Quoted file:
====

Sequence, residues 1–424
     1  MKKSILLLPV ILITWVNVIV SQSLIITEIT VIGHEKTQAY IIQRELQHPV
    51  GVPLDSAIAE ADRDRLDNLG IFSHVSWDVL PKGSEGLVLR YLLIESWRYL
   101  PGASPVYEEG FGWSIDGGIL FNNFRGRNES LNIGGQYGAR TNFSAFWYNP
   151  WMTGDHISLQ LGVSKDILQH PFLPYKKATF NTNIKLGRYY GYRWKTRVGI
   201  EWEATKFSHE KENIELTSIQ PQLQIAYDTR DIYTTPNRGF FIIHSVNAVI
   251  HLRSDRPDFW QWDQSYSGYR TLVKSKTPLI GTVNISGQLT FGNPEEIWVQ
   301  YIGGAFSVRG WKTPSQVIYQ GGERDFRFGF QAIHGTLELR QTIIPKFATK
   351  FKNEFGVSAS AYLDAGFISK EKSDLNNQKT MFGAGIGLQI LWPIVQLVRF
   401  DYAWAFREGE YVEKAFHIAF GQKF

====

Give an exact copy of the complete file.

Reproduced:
Sequence, residues 1–424
     1  MKKSILLLPV ILITWVNVIV SQSLIITEIT VIGHEKTQAY IIQRELQHPV
    51  GVPLDSAIAE ADRDRLDNLG IFSHVSWDVL PKGSEGLVLR YLLIESWRYL
   101  PGASPVYEEG FGWSIDGGIL FNNFRGRNES LNIGGQYGAR TNFSAFWYNP
   151  WMTGDHISLQ LGVSKDILQH PFLPYKKATF NTNIKLGRYY GYRWKTRVGI
   201  EWEATKFSHE KENIELTSIQ PQLQIAYDTR DIYTTPNRGF FIIHSVNAVI
   251  HLRSDRPDFW QWDQSYSGYR TLVKSKTPLI GTVNISGQLT FGNPEEIWVQ
   301  YIGGAFSVRG WKTPSQVIYQ GGERDFRFGF QAIHGTLELR QTIIPKFATK
   351  FKNEFGVSAS AYLDAGFISK EKSDLNNQKT MFGAGIGLQI LWPIVQLVRF
   401  DYAWAFREGE YVEKAFHIAF GQKF